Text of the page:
A new version of its post-Brexit e-Commerce Directive guidance, published on 18 January 2021 stated: “……for companies that host user-generated content on their online services, there will continue to be a ‘notice and take down’ regime where the platform must remove illegal content that they become aware of or risk incurring liability. The concept combines generally reducing the risk of harms with improved notice and takedown measures as well as introducing new monitoring obligations”. This could entail measures by platforms such as to deploy automated filters to find duplicates of unlawful material, instruct employees to search for terms associated with illegal activity and take down suspicious results, or periodically review posts in forums with a history of illegality. The impact of this would be that it will lead to a lot of matters being brought to court as well as question the platform user’s fundamental rights to freedom of speech and expression.
Thus, although a commitment to preserving some kind of hosting protection remains, there is now silence on preserving the prohibition on general monitoring obligations. This could interfere majorly with the intermediaries general passive approach, freedom to conduct its reasonable duty of care as well as erosion of the Articles 12 to 14 due to the statute being amended over time.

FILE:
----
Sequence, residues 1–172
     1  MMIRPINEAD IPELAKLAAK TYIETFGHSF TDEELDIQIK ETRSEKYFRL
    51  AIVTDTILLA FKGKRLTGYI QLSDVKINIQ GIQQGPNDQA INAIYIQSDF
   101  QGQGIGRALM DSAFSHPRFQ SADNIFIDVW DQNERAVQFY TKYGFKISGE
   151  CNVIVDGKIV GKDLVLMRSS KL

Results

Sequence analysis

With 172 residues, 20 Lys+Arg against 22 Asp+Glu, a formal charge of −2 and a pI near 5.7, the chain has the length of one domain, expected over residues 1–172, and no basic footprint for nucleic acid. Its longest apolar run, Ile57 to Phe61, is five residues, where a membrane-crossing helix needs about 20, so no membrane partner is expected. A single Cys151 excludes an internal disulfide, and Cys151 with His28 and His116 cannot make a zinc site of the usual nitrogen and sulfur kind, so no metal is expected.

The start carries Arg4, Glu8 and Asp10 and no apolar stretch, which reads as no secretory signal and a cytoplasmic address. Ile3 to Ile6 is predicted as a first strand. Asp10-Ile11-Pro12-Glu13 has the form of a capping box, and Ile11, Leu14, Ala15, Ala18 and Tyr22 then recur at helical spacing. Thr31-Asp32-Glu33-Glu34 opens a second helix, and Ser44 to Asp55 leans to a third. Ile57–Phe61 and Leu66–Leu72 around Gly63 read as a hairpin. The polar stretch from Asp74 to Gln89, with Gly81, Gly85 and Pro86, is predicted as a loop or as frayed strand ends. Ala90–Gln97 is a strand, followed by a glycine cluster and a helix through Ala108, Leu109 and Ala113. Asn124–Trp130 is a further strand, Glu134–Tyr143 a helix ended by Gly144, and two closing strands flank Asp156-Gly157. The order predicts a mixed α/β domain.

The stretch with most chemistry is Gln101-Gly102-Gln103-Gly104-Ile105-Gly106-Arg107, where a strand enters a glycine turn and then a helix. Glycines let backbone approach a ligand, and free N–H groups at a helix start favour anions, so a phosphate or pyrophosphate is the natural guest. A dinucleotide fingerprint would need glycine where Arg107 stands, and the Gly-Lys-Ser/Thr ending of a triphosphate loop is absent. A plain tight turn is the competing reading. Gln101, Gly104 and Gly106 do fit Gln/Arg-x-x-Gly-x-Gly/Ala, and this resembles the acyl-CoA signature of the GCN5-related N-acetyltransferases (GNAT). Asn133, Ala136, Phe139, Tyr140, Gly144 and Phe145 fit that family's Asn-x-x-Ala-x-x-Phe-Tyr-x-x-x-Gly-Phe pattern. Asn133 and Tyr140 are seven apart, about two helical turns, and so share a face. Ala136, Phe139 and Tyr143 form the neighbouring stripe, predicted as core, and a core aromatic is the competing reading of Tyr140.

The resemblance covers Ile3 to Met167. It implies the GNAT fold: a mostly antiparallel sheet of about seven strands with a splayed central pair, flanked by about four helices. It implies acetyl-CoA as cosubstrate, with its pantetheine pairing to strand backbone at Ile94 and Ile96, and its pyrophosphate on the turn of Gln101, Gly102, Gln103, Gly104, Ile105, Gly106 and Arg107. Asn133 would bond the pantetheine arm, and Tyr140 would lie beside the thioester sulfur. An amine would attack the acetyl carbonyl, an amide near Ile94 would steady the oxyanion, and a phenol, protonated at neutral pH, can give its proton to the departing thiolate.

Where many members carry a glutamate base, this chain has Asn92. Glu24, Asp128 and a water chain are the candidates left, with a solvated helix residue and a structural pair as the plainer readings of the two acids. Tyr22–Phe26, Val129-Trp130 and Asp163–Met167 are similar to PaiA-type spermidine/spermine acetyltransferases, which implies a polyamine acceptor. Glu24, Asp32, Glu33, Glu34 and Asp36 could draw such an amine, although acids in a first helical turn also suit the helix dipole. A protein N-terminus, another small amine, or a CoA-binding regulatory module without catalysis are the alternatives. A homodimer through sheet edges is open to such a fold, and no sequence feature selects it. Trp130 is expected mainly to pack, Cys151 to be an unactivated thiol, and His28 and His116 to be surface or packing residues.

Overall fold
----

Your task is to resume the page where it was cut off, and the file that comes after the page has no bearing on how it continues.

Also, related are the Recent Amendments to the European Union’s Digital Markets Act (DMA) being finalized in EU, and aimed at regulating the giant Intermediary platforms (also referred to as “gatekeepers”) are being touted as bringing in a “new era of tech regulation” worldwide. The amendments to the DMA require the large digital platform companies to adhere to a long list of obligations and prohibitions, forcing many of them to significantly change the way they interact with consumers, business partners and competitors.
The amendments aim to allow fair competition and make them more approachable to customers by offering them a choice to use the core services of the giant intermediary platforms such as browsers, search engines or messaging, without losing control over their data. The amendments include provisions for the larger messaging services to open up and interoperate with smaller messaging platforms, and if they so request, to allow interoperability by customers to exchange messages, send files or make video calls across messaging apps, thus giving them more choice. Further, the amendments allow for use of personal data for advertising target audiences only with explicit consent of these intermediary platforms, along with allowing them freedom to search with their preferred browser, virtual assistants and search engines.
Though the imposition of sanctions make it incumbent on the intermediaries to follow the rules or face hefty fines extending from 10% of their total worldwide turnover in the preceding financial year, and 20% in case of repeated infringements, including a ban in case of systematic infringements, the DMA places obligations only on “gatekeepers,” which are companies that create bottlenecks between businesses and consumers and have an entrenched position in digital markets. The companies will be hit by the rules only if:
- They have an annual turnover of €7.5 billion within the EU or a worldwide market valuation of €75 billion;
- Gatekeepers must also have at least 45 million monthly individual end-users and 100,000 business users; and